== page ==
I also competed in the CTF 313, helping my team come in 4th place. I mostly helped with data analysis, parsing log files on the command line, and using Python to parse JSON objects. I also enjoyed trying the physical lock and history challenges. I connected with security folks from Cisco, CBI, and Tenable, and even got to enjoy dinner with a team from Cisco. I was invited to GrrCon, MiSec, and ArbSec, which should be good ways to get more involved with the local information security community. I really enjoyed both Converge and Bsides Detroit, and I am looking forward to attending again next year.

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Experimenting with RFID

There are three main frequencies that common RFID tags operate on: low frequency (LF), high frequency (HF), and ultra-high frequency (UHF).  These three are mutually exclusive, so we needed to determine where to start. We enumerated some of the commonly-found tags we’d like to scan:

  • Passports 13.56 mHz HF ISO 14443 Type A
  • Parking passes 865~928 mHz UHF ISO 18000-6C
  • Dog/cat/pet implants 125 kHz LF ISO 11784 & 11785
  • Key fobs 125 kHz LF
  • Mcard 13.56 mHz HF Mifare DESFire EV1 ISO 14443-4 Type A Smart Card
  • Library books 13.56 mHz HF ISO 14443A
  • Library books 13.56 mHz HF ISO 15693
  • Library books 860~960 mHz UHF EPCglobal
  • Credit cards/Payment cards 13.56 mHz HF
  • Flocktag 13.56 mHz HF MiFare Classic 1K ISO/IEC 14443 Type A

Of all the RFID tags we wanted to skim, it seemed that HF was the most popular.  Luckily, I was able to borrow a Samsung Galaxy Nexus running Android 4.3 Jelly Bean that had this exact reader built into it.  The Galaxy Nexus uses Near Field Communication (NFC) on the same frequency that we want to scan, 13.56 mHz.  Using the built-in reader and the NFC TagInfo app from NFC Research Lab Hagenberg, we were able to scan, parse, and save the data from a U.S. passport, the U-M school ID card, a FlockTag Rewards card, and a MasterCard® PayPass.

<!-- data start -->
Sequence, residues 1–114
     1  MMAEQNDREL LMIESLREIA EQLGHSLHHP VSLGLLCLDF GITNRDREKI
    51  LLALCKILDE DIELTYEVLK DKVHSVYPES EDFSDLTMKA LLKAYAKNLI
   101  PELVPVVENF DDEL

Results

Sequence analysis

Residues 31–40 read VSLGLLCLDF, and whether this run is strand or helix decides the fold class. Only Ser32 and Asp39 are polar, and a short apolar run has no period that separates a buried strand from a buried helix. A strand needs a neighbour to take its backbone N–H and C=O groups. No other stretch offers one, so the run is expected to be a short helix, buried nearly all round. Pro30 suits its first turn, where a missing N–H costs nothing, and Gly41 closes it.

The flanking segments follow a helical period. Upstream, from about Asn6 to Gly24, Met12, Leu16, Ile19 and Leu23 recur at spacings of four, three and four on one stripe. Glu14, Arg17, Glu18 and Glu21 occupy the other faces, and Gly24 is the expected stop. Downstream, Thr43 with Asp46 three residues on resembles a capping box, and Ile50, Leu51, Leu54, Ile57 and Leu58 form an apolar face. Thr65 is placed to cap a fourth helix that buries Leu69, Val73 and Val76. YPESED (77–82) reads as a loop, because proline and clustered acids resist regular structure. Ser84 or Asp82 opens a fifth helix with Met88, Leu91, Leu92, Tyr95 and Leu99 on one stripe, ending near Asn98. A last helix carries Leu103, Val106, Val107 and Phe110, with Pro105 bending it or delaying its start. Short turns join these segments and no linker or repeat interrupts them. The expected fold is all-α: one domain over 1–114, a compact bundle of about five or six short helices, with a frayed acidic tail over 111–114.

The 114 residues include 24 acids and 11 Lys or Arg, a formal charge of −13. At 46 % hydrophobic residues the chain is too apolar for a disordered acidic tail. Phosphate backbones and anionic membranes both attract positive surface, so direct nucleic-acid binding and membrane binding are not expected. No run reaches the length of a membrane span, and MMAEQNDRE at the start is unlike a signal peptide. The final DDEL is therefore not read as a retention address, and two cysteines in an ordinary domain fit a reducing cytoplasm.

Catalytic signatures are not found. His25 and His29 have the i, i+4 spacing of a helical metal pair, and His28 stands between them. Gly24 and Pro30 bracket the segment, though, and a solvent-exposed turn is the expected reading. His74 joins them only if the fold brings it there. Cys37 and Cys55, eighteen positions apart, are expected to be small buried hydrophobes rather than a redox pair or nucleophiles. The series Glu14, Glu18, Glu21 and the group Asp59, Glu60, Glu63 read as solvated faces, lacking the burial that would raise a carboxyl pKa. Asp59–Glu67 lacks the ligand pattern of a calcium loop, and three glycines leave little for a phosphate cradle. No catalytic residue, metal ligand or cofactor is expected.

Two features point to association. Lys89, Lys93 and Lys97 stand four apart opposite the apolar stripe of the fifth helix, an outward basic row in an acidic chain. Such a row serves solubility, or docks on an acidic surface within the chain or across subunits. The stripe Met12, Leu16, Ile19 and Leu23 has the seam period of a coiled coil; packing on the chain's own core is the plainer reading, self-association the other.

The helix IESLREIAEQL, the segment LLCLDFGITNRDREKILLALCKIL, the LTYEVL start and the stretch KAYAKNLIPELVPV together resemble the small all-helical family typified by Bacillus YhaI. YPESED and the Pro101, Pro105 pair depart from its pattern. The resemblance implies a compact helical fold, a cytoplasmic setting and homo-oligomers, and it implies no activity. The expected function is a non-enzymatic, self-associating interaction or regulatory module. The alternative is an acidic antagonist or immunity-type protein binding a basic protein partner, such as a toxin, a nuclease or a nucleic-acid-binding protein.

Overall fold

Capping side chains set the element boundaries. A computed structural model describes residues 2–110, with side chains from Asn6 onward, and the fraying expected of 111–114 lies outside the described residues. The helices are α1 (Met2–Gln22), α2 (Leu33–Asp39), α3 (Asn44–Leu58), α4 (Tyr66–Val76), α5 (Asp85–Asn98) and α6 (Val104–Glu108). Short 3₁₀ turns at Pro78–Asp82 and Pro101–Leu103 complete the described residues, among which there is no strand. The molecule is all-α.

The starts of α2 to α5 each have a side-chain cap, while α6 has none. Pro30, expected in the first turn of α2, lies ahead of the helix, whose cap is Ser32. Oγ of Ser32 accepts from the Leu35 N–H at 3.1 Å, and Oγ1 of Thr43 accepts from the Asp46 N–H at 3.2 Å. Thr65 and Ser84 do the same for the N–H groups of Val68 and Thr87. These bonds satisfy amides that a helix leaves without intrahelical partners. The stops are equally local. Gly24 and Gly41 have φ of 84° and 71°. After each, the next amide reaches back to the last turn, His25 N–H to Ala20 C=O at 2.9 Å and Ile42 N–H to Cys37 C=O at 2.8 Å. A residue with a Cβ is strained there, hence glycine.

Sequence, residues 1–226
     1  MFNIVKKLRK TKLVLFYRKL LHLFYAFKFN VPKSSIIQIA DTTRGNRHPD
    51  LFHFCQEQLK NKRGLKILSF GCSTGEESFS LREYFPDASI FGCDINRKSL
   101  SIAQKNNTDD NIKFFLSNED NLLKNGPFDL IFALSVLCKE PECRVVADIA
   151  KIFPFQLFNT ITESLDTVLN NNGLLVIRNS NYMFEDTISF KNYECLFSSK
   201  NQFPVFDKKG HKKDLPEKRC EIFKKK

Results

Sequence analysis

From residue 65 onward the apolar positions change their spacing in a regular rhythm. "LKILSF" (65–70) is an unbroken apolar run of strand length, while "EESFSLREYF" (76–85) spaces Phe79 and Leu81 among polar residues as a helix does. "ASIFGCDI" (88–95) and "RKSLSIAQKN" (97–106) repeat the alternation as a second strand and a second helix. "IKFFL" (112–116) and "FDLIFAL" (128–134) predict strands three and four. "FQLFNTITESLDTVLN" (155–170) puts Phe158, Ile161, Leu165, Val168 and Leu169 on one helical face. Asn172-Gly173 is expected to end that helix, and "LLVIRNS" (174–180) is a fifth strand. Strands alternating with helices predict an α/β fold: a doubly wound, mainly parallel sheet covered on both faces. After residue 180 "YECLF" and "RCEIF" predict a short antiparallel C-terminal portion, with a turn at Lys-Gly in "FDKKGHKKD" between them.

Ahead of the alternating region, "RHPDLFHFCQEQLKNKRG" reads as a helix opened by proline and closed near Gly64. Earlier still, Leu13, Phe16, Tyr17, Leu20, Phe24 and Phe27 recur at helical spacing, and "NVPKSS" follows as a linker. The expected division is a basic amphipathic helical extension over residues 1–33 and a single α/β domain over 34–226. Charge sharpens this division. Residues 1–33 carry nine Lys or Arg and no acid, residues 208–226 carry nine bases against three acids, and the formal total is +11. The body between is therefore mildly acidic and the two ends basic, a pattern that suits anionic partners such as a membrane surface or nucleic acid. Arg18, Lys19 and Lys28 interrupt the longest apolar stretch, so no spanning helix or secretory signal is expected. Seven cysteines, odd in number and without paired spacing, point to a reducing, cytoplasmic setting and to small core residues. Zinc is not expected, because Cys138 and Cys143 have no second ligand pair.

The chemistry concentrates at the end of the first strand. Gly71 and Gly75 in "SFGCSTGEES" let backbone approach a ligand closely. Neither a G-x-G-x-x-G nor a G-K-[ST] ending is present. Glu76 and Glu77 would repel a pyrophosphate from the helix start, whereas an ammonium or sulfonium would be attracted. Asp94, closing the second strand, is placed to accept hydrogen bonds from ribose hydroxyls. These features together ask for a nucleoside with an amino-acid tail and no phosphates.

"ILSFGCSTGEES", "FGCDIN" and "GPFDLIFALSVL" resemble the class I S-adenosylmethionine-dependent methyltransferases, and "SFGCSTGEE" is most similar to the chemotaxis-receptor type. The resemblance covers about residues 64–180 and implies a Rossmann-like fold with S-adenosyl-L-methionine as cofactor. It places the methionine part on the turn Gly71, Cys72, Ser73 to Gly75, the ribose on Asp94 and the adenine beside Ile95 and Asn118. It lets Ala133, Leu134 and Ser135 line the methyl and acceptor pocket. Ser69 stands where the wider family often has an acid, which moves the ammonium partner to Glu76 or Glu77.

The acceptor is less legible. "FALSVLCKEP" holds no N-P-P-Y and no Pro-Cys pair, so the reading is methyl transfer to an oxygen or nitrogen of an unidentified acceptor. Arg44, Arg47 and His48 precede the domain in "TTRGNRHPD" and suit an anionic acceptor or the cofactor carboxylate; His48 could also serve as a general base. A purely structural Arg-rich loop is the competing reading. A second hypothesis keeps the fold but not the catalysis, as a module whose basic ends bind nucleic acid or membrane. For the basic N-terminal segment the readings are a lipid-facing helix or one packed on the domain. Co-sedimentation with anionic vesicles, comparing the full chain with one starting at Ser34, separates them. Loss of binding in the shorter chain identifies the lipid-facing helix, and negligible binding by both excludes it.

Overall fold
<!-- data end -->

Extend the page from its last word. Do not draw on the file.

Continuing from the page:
This was a good start, but we needed to extend the antenna, in order to hide it in our couch.  While there are expensive solutions available online, I decided to try a similar approach to what these folks did.  I was pleasantly surprised when it worked on the first try!

We learned that the NFC antenna in the phone is actually in the battery.  In fact, the Galaxy Nexus won’t scan any RFID when I put a counterfeit battery in it. However, when we use the correct battery, we can get the phone’s antenna to pair with an external antenna just by mimicking the size and shape of the former and setting them next to each other.

*Technical point: As confirmed by antenna-theory.com, an “NFC antenna isn’t an antenna at all – it is really just a [magnetic] inductor.”

So, the square part of our antenna must be that specific size and shape for this phone, but the circular part and the distance between them can be adjusted.  We will be experimenting with different diameters and distances.  Once we find a good combination, I’ll be able to hide the antenna in our RFID couch.

Check out this 30-second video of our DIY RFID antenna in action!

The antenna was made using UL1007 standard hook-up wire, 300V.  We used about 10.5ft of wire to wrap the coils, and then soldered the ends together to made it all one big loop.  Here is a link to the PDF with the design shown in the video above.

First post from the SPQR Lab

Getting ready to work for Dr. Honeyman and the Security and Privacy Research Group for the summer.  I have good notes on where we’ve been and how to run the software. Yesterday and today have been spent setting up my workstation, getting building access, printer drivers, parking passes, and writing brief descriptions of the three projects we’ll be working on.

  1. I’ll be working on Faux Memorial Hospital (FMH) while Evan is away for the summer.  His blog contains lots of information about the history of the project, the set-up details, and the previous issues they’ve had.
  2. We’ll be embedding RFID readers into a couch in order to test the security and privacy of various devices that emit RFID, and products designed to prevent this data leakage.
  3. Near the end of the summer, we’ll be working with High School kids on a project involving FitBits and data analysis.

I’ll post updates here, and tag each project accordingly.